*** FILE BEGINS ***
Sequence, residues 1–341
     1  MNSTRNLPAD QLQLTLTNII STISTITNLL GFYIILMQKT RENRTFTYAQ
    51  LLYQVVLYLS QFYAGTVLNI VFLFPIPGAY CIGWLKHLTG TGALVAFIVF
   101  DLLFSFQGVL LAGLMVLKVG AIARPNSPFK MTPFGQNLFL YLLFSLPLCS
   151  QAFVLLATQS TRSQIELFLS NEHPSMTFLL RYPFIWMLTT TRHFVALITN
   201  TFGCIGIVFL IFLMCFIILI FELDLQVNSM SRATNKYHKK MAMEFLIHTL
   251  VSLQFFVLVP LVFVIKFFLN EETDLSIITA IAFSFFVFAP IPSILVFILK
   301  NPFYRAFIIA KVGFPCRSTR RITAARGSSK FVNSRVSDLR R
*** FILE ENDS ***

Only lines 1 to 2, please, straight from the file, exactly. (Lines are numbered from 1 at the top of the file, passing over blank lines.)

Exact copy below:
Sequence, residues 1–341
     1  MNSTRNLPAD QLQLTLTNII STISTITNLL GFYIILMQKT RENRTFTYAQ